Although, a limited recourse, perhaps, could be by filing an execution proceeding before another jurisdiction, within which any assets belonging to China are located. This method has been successfully used against Russia and Argentina in the past. However, one is left to wonder what repercussions this approach may have internationally, if such a strategy is adopted against China.
Liability of China under international law
By not cooperating with the WHO in a timely and transparent manner, China has clearly breached its obligations under the IHR. The Draft Articles on Responsibility of States for Internationally Wrongful Acts, adopted by the International Law Commission in 2001, which embody a fundamental principle of international customary law, hold a state responsible for its every “intentionally wrongful act”. An intentionally wrongful act is defined under the articles as an action or omission of the state under international law. Under the articles, the state responsible for the act is required to make full reparations for the injury caused by their wrongful acts.
Jurisdiction of the International Court of Justice
The general position is that, on the principle of state sovereignty, international dispute adjudication can only be carried with the consent of the parties and a state may not be compelled to appear before an international court. China has been known to show stiff resistance to the authority and jurisdiction of international courts in the past.
One available route is the authority of the UN Security Council (UNSC) to make a reference to the ICJ. However, this is not likely to succeed in the present case, considering China is a permanent member of the UNSC. The other available route is Article 75 of the WHO’s Constitution, which empowers the WHO to refer a dispute to the ICJ. This mechanism can only be resorted to if the mandatory negotiation between the parties before the Health Assembly fails.
This route is also not without its share of roadblocks. The claiming party will be first required to establish a “dispute” under the ICJ statute since the existence of a “dispute” is a condition for the court’s jurisdiction. A third possible route is the “Advisory Jurisdiction” of the ICJ, which can be invoked on questions of law. The ICJ has rendered various opinions in the past under this jurisdiction. Although, such opinions by the ICJ are not directly enforceable, but they are helpful to provide an assessment of legal liability of the defaulting party.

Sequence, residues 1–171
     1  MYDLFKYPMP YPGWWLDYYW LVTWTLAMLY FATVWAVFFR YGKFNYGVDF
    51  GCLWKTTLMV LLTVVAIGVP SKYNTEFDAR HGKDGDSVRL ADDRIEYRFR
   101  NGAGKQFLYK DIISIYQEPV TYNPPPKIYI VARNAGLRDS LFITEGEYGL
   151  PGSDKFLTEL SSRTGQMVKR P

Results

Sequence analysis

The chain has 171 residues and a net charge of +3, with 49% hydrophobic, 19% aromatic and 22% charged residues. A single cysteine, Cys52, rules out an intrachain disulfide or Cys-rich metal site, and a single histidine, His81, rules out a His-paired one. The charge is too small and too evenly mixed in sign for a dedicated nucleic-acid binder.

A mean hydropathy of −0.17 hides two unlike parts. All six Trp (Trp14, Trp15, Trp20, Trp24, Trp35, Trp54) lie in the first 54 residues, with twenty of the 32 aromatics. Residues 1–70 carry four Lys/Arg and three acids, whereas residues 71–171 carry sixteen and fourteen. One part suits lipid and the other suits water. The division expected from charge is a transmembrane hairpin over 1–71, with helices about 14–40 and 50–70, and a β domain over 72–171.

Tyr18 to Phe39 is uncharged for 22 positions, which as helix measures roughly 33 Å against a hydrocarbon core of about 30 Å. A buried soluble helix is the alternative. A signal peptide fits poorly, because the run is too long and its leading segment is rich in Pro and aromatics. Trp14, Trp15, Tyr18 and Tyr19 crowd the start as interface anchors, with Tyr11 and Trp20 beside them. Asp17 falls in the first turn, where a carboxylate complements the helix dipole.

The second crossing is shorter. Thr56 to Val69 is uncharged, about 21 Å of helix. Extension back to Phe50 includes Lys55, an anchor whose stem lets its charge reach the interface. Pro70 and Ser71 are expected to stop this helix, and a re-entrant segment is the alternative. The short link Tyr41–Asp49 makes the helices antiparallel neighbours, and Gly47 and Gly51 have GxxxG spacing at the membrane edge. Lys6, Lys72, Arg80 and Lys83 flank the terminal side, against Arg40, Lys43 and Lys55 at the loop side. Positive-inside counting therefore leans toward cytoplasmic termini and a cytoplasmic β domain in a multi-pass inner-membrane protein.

This can help lay a foundation for the organs of the United Nations, such as the General Assembly to pass resolutions condemning the failure of the party in default. It can also help other countries to come together in order to prepare political and diplomatic counter-measures against China, to try and induce it to meet its responsibilities. Such counter-measures may include the nation states suspending, or even deliberately violating their existing legal obligations owed to China. Other measures include suspending trade relations, restricting air travel and also seeking removal of China from leadership positions and memberships in the UN.
Employing such counter-measures would require a huge degree of international will and cooperation. In any case, such measures are practically very difficult to adopt, let alone execute, against a giant like China. The thousands of deaths caused by Covid should serve as a wake-up call for everyone to come together and work towards a more cogent and realistic mechanism that can hold nations accountable for violation of international obligations with impunity. With malaises like pandemics, terrorism, money laundering and human rights breaches becoming a harsh reality of the times that we live in, there seems no better time to make nations more accountable.